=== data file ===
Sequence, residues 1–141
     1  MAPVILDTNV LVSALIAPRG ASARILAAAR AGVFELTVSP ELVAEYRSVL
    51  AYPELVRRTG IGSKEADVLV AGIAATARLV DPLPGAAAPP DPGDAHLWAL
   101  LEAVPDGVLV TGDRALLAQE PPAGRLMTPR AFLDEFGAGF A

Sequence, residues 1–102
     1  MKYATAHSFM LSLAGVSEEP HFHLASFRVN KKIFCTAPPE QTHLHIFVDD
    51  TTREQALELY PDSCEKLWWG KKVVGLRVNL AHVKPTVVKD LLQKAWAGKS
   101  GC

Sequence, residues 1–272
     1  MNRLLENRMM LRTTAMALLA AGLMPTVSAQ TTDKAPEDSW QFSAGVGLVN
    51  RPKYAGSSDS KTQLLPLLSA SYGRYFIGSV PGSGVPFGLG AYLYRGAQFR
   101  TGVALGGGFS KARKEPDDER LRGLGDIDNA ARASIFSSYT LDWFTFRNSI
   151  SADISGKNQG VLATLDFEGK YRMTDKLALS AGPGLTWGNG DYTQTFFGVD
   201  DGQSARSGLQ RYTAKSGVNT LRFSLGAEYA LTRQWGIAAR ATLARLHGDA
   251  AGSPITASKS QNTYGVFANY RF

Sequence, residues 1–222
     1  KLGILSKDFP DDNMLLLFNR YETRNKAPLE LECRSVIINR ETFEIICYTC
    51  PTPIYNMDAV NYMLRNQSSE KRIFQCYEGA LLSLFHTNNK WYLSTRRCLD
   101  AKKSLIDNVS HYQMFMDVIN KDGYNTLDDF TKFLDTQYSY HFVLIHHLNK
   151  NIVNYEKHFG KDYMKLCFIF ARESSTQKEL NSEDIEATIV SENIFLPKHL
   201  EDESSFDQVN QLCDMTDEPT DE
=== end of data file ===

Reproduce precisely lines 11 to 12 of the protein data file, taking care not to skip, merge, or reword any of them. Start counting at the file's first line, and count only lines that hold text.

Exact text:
    51  RPKYAGSSDS KTQLLPLLSA SYGRYFIGSV PGSGVPFGLG AYLYRGAQFR
   101  TGVALGGGFS KARKEPDDER LRGLGDIDNA ARASIFSSYT LDWFTFRNSI